Thursday, September 10, 2009


AmLaw Litigation Daily reported this week that New York Attorney General Andrew Cuomo, via David Markowitz at Investor Protection, is jumping on the Rakoff bandwagon. Sort of. Markowitz wrote BofA outside counsel Lewis Liman that BofA should either cooperate more fully with the NYAG’s investigation (aka, stop claiming information is privileged and let us determine to what extent you in fact relied on outside counsel in structuring the merger) or else the NYAG will be forced to pursue charges against BofA specifically (where the advice of counsel defense will not be considered). Liman publicly responded that in the first instance: BofA has done nothing wrong and therefore has had no need to, and in fact has not, raised the advice of counsel defense. And in the second instance: Liman has made multiple requests, unheeded by the NYAG, to meet with the NYAG to discuss the Merrill merger.

This is getting really interesting. I do not have ready knowledge on the advice of counsel defense, and regrettably do not have access to Lexis today (read: will try to post later, but there are loads of other lawyers writing about the privilege issue involved in this matter). I am eager to see the NYAG’s next move, however (I have discussed earlier Cuomo’s success in achieving results with only the threat of litigation) ... wonder who will blink first?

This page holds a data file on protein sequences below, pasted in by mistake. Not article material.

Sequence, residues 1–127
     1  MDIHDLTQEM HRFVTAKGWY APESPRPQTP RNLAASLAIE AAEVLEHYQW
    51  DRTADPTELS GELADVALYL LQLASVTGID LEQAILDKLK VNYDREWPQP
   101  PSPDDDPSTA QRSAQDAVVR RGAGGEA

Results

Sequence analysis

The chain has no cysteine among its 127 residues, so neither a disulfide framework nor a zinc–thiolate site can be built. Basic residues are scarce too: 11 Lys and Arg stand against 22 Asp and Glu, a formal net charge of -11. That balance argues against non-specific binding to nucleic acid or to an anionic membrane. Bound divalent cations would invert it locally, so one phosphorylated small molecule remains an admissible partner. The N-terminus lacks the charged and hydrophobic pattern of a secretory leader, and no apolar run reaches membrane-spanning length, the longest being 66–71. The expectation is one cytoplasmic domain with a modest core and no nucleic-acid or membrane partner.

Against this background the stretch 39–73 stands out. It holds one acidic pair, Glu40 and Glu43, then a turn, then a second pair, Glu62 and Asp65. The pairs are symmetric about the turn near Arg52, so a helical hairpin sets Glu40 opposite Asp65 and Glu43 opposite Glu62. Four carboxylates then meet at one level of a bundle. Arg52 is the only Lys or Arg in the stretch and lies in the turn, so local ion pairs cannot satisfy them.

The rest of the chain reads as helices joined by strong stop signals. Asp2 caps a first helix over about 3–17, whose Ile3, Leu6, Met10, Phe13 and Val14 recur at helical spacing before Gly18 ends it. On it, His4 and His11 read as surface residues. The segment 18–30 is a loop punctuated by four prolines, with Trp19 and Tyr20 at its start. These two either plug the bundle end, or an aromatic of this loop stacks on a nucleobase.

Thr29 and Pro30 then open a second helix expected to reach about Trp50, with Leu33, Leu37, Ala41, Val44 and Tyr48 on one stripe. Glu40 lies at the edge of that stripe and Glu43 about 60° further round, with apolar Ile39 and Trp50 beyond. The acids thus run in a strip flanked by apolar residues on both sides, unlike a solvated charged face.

Related side note to privilege discussion: JDJournal is reporting that Cuomo’s recent move, companioned to the recent ruling in U.S. v. Textron, is beating attorney-client and work product privilege into an ever-smaller corner. (n.1.). In Textron, the First Circuit Court found that work papers prepared for the purpose of documenting tax accrual are not considered attorney work product. The Court found the principle purpose for the work papers was not legal, but in fact accounting related. Other commentators have interpreted this decision to find dual-purpose documents protected by the work product doctrine only if prepared for use in litigation. JDJournal predicted the issue is “ripe” for Supreme Court review, as Textron represents a split among the circuit courts.

(n.1.) U.S. v. Textron, 2009 U.S. App. LEXIS 18103 (1st Cir. R.I., Aug. 13, 2009).

I'm reading: UPDATE TWO OF THREE: BofA vs. CuomoTweet this!

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